I find these to be helpful starting points for conversations as we reflect on our spiritual journeys and the life of the congregation.


Stuart Showalter said...

Thanks for these blogs, Phil. Clearly written. Thought-provoking. I hope you will continue them.

Anonymous said...

Phil, I appreciate deeply your continuing blogs, all of them, about significant "this and thats." Please continue writing!
This is my second time to add my response, and it probably will not be my last one:
We don’t know much about Marcionism and Pelagianism, and what we do know, we have through the eyes of their antagonists. So what we know is already biased against them, and may thus grant a warped picture.
In any case, in my reading of Anabaptist/Mennonite history, I see little danger of Mennonites “overthrowing the Old Testament.” The same is true for perfectionism within the Swiss Brethren, Hutterian, and Dutch Mennonite traditions (except for those who followed Menno Simons’ teaching on celestial flesh). No groups that I know of (apart from Menno) from within these three main continuing traditions going back to Reformation times, have even toyed with the concept of perfectionism.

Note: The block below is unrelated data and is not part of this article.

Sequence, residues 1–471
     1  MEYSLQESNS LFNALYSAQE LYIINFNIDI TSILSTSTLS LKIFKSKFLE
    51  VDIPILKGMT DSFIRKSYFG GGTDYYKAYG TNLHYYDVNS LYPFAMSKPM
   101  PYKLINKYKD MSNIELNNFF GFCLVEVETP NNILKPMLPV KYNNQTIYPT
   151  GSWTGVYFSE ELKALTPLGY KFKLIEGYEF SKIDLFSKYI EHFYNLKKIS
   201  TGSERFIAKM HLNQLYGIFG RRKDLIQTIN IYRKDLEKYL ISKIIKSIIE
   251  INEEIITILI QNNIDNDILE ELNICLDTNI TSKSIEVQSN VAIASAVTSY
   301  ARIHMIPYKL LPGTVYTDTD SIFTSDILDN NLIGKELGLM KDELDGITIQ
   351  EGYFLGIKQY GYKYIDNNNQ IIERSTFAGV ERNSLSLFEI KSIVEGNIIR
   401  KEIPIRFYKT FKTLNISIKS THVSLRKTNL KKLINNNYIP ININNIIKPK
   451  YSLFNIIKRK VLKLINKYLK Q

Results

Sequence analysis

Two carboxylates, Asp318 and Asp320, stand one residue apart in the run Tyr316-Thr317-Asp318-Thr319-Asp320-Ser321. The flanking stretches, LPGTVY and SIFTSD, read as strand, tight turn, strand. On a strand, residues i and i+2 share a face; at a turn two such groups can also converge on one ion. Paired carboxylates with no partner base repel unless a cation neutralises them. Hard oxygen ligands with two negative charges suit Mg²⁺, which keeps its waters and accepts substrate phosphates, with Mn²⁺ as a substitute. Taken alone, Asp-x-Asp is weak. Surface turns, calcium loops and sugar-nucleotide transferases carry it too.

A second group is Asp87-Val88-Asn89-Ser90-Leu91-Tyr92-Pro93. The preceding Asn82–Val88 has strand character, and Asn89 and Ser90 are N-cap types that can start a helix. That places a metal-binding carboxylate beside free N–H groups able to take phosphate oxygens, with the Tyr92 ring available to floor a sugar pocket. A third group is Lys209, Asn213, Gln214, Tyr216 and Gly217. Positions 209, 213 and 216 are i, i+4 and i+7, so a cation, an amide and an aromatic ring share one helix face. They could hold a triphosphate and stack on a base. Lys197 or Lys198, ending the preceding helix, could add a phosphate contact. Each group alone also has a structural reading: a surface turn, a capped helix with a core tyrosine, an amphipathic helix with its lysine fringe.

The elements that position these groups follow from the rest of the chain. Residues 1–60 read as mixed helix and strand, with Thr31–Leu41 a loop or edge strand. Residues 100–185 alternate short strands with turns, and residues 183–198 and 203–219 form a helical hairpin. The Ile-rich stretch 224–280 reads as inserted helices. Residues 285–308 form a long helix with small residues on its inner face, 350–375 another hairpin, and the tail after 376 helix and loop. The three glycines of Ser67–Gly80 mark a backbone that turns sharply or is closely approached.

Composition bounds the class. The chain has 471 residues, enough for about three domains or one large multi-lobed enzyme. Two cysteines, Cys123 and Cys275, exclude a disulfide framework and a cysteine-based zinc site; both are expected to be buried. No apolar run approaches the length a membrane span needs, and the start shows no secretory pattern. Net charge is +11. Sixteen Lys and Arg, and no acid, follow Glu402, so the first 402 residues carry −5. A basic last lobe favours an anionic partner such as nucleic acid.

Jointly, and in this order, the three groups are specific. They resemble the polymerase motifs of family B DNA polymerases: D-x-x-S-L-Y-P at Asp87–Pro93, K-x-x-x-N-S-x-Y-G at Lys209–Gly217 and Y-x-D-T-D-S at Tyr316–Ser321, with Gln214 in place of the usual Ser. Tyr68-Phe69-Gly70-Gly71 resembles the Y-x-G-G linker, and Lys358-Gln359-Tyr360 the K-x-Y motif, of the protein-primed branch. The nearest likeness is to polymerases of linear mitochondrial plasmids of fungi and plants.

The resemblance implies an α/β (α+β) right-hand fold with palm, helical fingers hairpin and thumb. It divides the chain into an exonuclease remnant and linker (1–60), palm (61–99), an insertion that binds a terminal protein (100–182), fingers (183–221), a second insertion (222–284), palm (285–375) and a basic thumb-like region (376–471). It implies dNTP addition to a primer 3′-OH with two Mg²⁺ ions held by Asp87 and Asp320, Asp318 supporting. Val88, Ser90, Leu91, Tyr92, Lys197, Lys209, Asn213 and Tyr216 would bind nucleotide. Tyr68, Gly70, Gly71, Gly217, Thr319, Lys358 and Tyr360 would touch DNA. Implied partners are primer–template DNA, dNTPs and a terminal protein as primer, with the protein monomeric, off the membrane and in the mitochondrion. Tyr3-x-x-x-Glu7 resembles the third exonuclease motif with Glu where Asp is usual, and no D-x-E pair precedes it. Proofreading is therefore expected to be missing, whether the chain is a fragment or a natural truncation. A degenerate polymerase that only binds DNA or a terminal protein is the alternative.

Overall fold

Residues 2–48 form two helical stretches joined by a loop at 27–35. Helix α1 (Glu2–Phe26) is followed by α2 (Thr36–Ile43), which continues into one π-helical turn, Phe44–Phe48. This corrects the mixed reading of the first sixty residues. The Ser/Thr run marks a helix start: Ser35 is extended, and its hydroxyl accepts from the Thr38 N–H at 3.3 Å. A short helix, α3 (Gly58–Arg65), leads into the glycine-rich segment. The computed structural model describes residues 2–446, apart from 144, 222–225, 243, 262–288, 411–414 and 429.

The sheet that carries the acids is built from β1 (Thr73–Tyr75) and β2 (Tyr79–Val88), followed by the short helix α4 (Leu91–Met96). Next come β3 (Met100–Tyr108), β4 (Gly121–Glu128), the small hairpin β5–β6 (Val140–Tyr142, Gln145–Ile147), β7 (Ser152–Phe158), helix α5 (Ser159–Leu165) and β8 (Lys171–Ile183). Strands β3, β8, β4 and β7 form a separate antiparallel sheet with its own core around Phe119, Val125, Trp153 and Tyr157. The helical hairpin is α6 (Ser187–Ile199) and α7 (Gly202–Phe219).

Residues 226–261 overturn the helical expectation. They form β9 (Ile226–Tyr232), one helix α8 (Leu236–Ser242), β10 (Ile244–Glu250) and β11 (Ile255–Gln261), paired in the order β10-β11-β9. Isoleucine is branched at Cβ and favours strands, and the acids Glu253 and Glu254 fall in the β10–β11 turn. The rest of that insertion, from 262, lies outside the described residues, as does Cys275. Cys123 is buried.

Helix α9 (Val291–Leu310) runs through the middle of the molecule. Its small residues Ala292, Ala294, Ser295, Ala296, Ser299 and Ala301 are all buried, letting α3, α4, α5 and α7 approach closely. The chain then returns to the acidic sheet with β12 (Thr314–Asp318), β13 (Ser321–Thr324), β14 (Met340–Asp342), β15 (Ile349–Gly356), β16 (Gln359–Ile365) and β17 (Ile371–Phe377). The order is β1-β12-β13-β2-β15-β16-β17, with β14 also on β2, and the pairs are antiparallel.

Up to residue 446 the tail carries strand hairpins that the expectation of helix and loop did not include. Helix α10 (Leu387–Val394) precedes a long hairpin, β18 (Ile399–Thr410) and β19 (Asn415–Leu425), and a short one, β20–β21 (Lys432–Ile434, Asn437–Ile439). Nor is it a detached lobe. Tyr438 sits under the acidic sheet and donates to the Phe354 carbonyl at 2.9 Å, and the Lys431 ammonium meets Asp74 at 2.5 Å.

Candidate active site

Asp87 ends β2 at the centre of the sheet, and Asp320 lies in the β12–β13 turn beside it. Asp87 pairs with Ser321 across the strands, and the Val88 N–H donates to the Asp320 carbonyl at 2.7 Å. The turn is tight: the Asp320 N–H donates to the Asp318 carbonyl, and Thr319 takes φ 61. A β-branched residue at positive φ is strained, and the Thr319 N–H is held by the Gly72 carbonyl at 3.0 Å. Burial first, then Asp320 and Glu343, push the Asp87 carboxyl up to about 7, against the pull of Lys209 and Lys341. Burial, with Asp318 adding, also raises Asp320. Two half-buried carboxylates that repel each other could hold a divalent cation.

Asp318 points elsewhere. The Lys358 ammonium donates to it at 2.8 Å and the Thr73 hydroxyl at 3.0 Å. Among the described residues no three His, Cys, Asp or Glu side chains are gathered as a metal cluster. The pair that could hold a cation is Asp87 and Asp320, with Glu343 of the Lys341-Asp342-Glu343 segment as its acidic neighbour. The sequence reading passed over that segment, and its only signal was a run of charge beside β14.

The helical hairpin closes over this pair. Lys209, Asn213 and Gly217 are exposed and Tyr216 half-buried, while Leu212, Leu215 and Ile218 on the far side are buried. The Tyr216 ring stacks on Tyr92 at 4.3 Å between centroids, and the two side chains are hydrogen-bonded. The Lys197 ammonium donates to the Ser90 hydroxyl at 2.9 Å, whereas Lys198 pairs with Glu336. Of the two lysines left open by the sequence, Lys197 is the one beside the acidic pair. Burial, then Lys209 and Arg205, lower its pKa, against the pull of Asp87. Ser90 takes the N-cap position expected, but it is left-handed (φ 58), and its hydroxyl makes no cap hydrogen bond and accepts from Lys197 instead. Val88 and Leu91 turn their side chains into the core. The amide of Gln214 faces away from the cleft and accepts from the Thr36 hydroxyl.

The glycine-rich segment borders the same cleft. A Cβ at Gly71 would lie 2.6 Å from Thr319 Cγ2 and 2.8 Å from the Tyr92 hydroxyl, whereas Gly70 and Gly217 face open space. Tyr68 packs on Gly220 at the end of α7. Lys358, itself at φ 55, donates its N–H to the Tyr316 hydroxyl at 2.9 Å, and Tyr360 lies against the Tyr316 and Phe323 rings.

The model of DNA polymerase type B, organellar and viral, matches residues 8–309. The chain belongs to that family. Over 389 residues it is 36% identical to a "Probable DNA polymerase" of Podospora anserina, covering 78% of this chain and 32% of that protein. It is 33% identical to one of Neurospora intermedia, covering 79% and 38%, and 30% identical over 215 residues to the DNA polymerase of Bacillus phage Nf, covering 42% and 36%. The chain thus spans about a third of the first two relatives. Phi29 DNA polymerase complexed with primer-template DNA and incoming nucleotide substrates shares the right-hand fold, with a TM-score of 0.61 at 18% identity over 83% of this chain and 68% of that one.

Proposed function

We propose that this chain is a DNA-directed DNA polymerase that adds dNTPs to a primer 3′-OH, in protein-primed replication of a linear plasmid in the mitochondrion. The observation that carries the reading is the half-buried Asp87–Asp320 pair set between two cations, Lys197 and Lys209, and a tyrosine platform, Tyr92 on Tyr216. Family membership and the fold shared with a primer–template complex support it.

Menno came the closest to this, emphasizing as he did the pure church without spot or wrinkle, based on his view that Mary was simply the channel for Jesus’ birth, not having given any of her humanity to Jesus, which in turn allowed him to come into this world sinless, and thus able to save us from our sins. But this view even the Dutch (Friesian) Mennonites, after 1561 (the year of Menno’s death) largely disavowed. And the Swiss Brethren and Hutterites never accepted this teaching.
The Swiss Brethren (our CMC heritage) never went along with Menno, but saw Jesus as model, whom we want to become (as Jimmy Carter told us when he spoke to our Mennonite Assembly some years back, that “Christian” means “little Christs.”) We actually are to follow him, i.e., to become Christ in mind and Spirit, entering into his intention of fulfilling life as life is meant to be. This is our intention: to live Life. We strive to be fully human as Jesus was human. Our intention is to become Jesus, i.e., to become fully human.